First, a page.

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Obama says no to public financing; McCain throws hissy fit

June 19, 2008 | 12:33 pm

John McCain attacks Barack Obama for not using public funding to finance presidential campaignGiven Barack Obama's astronomical fundraising numbers, it was only a matter of time before he decided to eschew public funds to finance his campaign. From today's Times:

Democrat Barack Obama today rejected public financing for his presidential campaign, changing an earlier stand and becoming the first major party candidate to drop out of the system since it began after the Watergate scandal....

Early in the primary season, Obama had said he would use public financing if his Republican opponent did. But that was before the presumptive Democratic nominee harnessed the Internet and became a fund-raising powerhouse.

This move not only makes Obama the first major candidate in more than 30 years to reject public funding (which forbids candidates from raising private funds), but also goes back on his very public indications he would agree to public funding. (See an earlier Times' editorial admonishing Obama for waffling on his pledge.)

Needless to say, McCain has been gleefully calling foul all morning — he can afford to point fingers, in part because his fundraising numbers are pretty anemic compared to Obama's.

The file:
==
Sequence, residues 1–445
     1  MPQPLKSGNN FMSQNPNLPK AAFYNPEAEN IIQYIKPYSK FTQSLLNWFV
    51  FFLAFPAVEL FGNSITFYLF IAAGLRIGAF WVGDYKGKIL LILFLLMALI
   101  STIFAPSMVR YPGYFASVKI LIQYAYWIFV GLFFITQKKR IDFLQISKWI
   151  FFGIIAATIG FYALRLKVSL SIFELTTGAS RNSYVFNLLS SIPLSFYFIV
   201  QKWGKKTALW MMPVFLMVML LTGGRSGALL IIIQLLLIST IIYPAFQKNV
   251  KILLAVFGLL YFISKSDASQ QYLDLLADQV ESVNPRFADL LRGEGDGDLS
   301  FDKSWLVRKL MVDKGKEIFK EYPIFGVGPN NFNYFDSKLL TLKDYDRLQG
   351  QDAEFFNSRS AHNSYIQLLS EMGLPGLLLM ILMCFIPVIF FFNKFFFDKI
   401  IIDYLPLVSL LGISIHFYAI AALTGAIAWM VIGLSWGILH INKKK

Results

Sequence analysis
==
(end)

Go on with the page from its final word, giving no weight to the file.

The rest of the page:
But McCain is no angel, either. Remember when he allegedly used public funds as backup to apply for a loan, and then tried immediately to withdraw from the public funding system?  (Attempting to escape, ironically, from the very system he helped set up.) The outraged Dems filed suit shortly thereafter. The Federal Election Commission, lacking quorum, couldn't do much about it, either — which probably suited McCain just fine.

That incident aside, there are plenty of other loopholes that allow the private sector to creep in, a point Obama drove home in a video released this morning:

It's not an easy decision, especially because I support a robust system of public financing of elections. But the public financing of presidential elections as it exists today is broken, and we face opponents who've become masters at gaming this broken system. John McCain's campaign and the Republican National Committee are fueled by contributions from Washington lobbyists and special interests PACs. We've already seen that he's not gonna stop the smears and attacks from his allies running so-called 527 groups, who will spend millions and millions of dollars in unlimited donations.

Swiftboating, anyone?

Tell us what you think:


-- Amina Khan

*Photo: Joshua Roberts / Bloomberg News

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